Remember, being on his back is not natural so cradling puppies like a baby and tickling their tummies can result in your puppy squirming and jumping out of your arms – which is very dangerous.
The put down
When placing him back down, ensure he is not let free to jump out of your hands – as his bones are not yet developed enough to take the weight of jumping, especially if you’re standing up. Always place him fully on the ground, paws first!
7. Safe carriage
With all the tips above in place you now need to think about transportation by car or by air.
Bringing puppy home in the car
In most western countries, it is illegal to have a puppy or dog in your car unrestrained. For example…
- American dog restraint laws
- UK Highway Code – driving with dogs
- Australian Rules and Regulations for Car Travel with your Dog
- Canadian – Ontario Highway Traffic Act
Whilst a seat belt harness or car guard may be appropriate for an adult dog, a puppy is best transported in a pet carrier or cage.
This is the best way to ensure their safety and yours. The last thing you need is an active puppy bouncing around the car whilst you’re driving. You wouldn’t bring a baby home in a cardboard box, the same goes with a puppy.
A travel crate or cage may be confronting at first but with some friendly play and a treat, he’ll soon get used to it and enjoy the security it brings. Make sure you choose something that can be secured and covered. Some car travel products are open which are really no safer than a cardboard box.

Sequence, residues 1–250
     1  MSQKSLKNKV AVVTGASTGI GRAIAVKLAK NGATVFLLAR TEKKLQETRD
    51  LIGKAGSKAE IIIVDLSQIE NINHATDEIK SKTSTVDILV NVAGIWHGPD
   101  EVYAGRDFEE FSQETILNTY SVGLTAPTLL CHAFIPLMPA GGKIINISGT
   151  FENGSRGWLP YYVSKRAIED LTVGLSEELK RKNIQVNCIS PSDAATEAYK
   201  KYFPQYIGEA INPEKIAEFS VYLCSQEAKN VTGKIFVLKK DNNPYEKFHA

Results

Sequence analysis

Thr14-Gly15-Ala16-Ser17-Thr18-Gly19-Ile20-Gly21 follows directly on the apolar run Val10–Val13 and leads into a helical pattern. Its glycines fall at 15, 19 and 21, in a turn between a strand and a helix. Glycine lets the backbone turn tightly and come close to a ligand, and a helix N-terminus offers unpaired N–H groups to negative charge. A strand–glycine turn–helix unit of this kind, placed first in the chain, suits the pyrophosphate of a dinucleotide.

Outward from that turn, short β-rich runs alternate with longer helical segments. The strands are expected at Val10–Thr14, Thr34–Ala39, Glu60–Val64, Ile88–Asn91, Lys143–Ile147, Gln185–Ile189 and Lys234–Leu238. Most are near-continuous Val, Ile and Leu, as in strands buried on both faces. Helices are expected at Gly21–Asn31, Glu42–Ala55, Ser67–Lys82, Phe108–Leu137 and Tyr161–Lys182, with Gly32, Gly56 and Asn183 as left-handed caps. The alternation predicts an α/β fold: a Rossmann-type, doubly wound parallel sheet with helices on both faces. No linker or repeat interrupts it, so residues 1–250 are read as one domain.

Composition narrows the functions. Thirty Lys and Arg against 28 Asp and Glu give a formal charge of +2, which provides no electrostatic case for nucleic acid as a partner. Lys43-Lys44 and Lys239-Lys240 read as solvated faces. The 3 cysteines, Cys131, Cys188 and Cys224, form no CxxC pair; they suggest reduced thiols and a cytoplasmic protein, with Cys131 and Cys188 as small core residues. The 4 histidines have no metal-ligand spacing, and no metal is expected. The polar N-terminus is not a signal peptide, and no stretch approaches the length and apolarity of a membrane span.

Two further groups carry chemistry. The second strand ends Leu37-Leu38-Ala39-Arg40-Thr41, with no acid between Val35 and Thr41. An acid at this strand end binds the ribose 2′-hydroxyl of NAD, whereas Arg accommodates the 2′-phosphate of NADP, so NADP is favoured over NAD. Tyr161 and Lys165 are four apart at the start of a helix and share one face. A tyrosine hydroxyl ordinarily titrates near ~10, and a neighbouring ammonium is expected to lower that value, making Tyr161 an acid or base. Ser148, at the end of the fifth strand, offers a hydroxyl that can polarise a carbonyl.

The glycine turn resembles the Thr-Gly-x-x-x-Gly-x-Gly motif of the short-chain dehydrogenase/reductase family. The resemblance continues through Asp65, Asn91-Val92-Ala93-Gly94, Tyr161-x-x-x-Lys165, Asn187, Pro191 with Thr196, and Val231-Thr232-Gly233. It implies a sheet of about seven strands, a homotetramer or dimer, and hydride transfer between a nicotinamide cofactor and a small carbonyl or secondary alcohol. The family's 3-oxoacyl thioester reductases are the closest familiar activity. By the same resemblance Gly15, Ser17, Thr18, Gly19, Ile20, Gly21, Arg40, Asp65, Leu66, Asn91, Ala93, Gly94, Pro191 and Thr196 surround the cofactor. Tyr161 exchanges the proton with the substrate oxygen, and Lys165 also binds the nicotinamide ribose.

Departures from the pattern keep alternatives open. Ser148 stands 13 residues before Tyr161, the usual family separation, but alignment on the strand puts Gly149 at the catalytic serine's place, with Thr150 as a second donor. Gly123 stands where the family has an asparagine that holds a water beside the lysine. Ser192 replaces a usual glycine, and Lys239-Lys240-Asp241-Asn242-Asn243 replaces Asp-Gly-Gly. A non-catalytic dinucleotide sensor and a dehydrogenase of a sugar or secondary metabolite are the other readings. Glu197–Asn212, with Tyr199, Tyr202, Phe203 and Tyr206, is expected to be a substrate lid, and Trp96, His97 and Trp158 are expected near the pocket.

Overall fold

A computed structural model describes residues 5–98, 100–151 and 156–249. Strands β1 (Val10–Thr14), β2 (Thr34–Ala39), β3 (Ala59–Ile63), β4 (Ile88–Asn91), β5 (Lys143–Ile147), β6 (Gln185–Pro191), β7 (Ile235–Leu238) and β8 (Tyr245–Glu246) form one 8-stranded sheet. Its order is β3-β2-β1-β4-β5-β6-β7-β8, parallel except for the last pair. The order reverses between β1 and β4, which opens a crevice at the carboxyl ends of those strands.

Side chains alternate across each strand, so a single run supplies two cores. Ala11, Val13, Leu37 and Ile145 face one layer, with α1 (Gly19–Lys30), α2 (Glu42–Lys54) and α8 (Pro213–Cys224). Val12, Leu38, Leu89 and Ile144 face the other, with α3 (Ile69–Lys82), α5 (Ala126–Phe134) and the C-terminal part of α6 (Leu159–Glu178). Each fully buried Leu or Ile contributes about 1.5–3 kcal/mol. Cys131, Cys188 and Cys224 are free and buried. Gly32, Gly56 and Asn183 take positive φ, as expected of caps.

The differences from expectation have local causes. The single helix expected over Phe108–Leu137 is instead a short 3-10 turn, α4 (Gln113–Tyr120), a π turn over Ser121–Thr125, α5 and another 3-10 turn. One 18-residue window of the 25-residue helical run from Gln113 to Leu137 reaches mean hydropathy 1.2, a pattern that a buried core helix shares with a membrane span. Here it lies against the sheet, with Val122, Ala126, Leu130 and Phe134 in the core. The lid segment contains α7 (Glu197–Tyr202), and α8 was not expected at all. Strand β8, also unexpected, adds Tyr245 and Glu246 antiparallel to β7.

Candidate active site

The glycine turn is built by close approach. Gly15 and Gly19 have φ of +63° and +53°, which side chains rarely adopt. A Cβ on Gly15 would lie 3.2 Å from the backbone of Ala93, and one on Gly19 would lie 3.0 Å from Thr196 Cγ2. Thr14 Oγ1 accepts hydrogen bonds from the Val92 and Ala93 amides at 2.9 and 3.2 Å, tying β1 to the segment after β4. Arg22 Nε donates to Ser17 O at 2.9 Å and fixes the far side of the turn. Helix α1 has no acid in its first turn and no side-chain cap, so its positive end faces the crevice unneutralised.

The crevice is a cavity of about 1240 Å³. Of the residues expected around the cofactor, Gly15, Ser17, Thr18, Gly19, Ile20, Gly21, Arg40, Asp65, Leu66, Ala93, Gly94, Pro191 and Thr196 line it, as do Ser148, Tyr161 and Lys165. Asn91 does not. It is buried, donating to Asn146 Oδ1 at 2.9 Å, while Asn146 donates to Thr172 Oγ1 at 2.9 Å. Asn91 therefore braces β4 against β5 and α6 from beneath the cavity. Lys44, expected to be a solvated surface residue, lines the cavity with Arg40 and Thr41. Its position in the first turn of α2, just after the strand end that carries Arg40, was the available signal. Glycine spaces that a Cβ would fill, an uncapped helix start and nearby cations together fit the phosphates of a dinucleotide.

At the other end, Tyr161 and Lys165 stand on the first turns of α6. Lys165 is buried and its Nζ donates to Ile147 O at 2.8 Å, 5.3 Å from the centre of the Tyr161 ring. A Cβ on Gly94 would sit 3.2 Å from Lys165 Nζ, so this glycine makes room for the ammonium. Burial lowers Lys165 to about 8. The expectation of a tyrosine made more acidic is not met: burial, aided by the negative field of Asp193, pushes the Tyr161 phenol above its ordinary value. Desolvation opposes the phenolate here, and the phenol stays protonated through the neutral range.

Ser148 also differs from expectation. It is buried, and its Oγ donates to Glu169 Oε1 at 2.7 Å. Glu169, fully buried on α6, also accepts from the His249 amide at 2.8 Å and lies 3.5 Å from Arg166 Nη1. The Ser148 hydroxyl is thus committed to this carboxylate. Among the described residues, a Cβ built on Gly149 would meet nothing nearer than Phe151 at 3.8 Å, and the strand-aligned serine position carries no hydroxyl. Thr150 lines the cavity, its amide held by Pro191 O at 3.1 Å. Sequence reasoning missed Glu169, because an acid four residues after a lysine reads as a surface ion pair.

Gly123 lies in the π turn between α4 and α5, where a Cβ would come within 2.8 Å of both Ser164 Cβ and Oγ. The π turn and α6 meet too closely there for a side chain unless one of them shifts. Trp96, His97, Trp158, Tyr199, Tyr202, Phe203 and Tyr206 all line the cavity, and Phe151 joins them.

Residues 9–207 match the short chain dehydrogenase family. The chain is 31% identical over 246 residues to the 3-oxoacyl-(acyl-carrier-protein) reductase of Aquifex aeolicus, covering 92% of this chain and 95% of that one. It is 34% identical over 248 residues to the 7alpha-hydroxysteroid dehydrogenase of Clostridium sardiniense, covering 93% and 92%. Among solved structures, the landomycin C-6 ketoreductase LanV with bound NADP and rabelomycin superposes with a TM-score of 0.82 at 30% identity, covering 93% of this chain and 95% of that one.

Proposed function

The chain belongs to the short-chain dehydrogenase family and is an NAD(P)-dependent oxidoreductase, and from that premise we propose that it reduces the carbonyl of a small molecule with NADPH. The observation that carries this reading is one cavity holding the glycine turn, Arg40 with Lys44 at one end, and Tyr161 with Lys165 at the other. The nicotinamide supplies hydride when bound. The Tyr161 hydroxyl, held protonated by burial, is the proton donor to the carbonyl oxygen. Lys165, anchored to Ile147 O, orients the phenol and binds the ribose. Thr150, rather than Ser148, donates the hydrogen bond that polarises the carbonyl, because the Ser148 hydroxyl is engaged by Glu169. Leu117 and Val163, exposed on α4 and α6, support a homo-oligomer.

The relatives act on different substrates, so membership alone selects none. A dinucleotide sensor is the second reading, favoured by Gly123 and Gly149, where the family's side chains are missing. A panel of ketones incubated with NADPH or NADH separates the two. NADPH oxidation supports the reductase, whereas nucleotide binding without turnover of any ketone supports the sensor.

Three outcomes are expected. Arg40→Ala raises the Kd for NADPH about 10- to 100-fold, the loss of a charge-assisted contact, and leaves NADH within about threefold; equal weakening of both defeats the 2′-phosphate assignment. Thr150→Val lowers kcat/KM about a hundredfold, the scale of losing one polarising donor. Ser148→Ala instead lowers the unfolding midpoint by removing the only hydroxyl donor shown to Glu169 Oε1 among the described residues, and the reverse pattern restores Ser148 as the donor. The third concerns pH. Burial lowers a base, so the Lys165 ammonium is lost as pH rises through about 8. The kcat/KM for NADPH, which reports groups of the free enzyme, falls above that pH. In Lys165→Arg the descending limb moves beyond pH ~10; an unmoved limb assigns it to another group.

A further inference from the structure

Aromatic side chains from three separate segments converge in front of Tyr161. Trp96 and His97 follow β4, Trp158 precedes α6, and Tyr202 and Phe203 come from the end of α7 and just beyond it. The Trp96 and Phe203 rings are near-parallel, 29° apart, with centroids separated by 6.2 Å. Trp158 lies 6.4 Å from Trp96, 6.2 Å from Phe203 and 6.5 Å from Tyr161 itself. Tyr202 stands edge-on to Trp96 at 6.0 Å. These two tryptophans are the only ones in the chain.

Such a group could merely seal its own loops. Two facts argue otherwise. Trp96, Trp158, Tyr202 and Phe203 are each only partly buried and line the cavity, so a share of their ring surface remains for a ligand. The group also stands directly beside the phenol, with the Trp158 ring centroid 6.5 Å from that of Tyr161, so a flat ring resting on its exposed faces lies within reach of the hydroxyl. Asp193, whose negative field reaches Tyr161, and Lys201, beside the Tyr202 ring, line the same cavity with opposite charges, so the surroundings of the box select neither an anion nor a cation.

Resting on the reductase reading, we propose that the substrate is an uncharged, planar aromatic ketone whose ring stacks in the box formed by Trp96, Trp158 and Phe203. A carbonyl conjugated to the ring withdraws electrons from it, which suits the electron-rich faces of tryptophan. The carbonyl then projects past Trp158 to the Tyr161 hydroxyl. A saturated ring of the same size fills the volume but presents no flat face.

A soft-crate or cage option can also be used for more than just travel. It can become their new “den” at home (see Part 2: New Puppy Checklist). It is a place where they can hide away and have some downtime when they need it.
When the same one is used at home and then in the car, your puppies will have a greater sense of comfort and security whilst he is learning how to travel in the car and that it can take him to happy places, like parks, not just trips to the vet for injections!
Or from far, far away
Sometimes a breeder might not be accessible by car and air travel is the only option. If your puppy is being transported by plane, you will need an airline approved crate and there are specific requirements that will need to be met.
Your best bet is to use a company that specialises in pet transportation. Check out IPATA – International Pet and Animal Transport Association for more details.
8. The great escape
When you arrive home, everyone will be excited and focused on the new puppy. And it is really easy to get distracted and forget little things like closing the doors behind you, particularly if you have stairs in the home or are on a busy street. A panicked puppy can be fast and you’d be surprised how many great escape stories there are out there! Always double check doors that lead outside and don’t let puppy out of his travel crate until you are ready.
9. Space and time
Strange people, unfamiliar surroundings, new smells and sounds. It can all be overwhelming for a puppy if lots of excited people are crowding to see him and he’s being passed around.
Be prepared for puppy to need some space and some alone time as soon as you arrive home. He will no doubt be exhausted from the stress of the experience and your love and enthusiasm for him might be a little overwhelming at first.
Now that puppy has come home in the car and is settled, it’s time to read Part 4 of our New Puppy Guide: What to expect in the first few weeks.
Got any experiences to share for other new puppy owners who are bringing their puppy home? Share your hints and tips below.